As a developer I just needs to push code either to AppHarbor or some of the supported repositories such as CodePlex, GitHub, BitBucket and AppHarbor does the rest. AppHarbor
- Builds the code.
- Runs unit tests
- Deploys the application on AppHarbor’s application servers (backed by Amazon EC2).
Other than that it also provides all the standard benefits as provided by most PaaS players.
To gain first hand experience on AppHarbor I decided to port Nerddinner onto AppHarbor. I already had the Nerddinner codebase in github so i could start right away.
The first step was to register my account with AppHarbor. Once registration is complete we get a single instance under the free tier. That was good enough for me to complete this exercise.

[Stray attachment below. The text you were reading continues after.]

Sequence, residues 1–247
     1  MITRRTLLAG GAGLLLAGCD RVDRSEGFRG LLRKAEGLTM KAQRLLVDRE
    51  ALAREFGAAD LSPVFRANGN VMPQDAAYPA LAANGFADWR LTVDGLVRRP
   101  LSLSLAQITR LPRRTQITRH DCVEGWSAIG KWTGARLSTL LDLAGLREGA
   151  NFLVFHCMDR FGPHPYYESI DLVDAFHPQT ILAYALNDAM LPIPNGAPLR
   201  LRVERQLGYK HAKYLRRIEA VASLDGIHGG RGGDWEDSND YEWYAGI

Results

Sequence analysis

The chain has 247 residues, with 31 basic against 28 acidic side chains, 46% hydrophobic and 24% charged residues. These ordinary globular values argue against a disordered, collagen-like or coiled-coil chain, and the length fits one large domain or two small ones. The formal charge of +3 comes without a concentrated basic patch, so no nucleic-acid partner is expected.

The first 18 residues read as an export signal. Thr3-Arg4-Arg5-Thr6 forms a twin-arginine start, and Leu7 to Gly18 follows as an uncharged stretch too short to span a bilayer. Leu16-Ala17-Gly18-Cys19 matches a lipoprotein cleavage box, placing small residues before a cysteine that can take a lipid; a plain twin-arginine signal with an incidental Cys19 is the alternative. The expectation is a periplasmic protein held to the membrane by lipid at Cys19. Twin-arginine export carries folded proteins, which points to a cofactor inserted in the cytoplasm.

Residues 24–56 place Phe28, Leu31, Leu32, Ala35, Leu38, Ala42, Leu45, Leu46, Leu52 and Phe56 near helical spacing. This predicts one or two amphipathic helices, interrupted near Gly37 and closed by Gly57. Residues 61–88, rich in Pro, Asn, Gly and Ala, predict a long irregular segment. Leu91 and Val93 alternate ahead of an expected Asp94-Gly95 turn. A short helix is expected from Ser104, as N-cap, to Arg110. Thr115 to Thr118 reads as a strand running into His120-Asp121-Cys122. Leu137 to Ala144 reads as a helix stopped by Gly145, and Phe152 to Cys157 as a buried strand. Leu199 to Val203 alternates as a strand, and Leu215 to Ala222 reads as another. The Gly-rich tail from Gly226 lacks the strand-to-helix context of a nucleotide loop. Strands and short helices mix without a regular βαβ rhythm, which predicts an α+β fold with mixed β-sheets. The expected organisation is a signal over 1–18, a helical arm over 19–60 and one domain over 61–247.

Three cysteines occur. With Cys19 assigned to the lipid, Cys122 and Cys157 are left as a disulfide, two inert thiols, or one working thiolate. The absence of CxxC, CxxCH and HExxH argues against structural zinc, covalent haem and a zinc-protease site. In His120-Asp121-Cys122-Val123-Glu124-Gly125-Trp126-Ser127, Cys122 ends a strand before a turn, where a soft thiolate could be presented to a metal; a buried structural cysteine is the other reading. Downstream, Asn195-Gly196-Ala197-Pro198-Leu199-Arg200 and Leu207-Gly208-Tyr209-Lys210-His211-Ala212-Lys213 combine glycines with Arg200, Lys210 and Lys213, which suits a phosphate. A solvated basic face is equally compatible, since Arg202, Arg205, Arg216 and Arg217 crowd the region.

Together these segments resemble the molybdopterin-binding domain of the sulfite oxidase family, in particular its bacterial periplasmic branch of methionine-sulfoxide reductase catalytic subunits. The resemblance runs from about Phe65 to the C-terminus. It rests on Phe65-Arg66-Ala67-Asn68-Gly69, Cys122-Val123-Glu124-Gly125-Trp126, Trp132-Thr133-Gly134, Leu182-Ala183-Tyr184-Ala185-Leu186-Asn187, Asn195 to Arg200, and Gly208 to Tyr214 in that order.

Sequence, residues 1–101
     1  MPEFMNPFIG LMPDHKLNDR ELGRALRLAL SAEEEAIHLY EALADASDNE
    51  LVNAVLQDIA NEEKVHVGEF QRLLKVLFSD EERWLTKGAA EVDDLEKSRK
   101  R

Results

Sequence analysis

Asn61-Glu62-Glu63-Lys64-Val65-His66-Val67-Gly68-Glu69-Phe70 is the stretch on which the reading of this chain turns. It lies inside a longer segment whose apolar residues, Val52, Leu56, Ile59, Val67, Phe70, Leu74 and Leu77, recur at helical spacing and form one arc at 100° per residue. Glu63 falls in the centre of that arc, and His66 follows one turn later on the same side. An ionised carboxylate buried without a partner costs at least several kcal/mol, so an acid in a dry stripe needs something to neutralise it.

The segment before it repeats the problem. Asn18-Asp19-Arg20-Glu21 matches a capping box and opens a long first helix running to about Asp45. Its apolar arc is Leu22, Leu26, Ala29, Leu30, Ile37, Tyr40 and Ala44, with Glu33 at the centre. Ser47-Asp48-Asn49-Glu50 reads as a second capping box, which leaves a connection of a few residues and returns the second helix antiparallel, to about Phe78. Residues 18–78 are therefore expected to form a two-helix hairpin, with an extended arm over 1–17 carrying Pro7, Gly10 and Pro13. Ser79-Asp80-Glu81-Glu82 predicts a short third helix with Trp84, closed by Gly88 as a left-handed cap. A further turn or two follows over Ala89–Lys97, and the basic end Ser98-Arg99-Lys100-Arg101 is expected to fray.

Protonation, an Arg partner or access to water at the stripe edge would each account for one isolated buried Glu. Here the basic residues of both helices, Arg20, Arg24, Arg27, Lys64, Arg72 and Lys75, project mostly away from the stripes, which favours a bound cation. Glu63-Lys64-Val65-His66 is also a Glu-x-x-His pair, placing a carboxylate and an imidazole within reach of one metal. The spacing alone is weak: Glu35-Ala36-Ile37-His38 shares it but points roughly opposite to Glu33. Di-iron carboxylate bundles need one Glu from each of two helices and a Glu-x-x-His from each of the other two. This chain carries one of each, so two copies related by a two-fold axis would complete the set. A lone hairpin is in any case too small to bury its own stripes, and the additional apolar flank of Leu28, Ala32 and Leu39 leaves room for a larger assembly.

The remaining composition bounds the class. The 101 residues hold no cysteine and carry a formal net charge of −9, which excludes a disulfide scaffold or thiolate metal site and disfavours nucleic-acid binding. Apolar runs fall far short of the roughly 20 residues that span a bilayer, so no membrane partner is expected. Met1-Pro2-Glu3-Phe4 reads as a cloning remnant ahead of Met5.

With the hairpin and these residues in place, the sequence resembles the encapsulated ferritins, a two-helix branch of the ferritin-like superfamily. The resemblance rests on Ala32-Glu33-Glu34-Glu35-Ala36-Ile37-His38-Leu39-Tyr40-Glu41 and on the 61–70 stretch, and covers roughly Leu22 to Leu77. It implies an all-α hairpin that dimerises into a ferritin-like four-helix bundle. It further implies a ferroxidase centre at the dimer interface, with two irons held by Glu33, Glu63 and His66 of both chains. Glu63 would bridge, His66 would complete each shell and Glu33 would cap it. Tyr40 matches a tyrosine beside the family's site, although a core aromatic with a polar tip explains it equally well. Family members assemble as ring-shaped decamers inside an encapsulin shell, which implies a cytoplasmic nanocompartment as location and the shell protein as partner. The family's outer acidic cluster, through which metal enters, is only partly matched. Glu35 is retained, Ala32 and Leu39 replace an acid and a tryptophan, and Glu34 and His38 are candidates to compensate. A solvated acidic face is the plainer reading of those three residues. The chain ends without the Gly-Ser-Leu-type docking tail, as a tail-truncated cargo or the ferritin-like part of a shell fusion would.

Linking to Repository
To use the AppHarbor infrastructure I had to link my github project with my AppHarbor account.
The first step here is to create an application from the AppHarbor dashboard.
Then link that application with the code repository (github in my case). I would not detail this process here as details are already available on AppHarbor. Things to note here are
- AppHarbor repository are Git based repositories. Therefore if you plan to use AppHarbor repository you need to setup you git account locally, More details are available here
- If you are using a third party repository such as CodePlex, GitHub or BitBucket you can look into the respecitve guides to help you integrate with you AppHarbor account.The guides are available at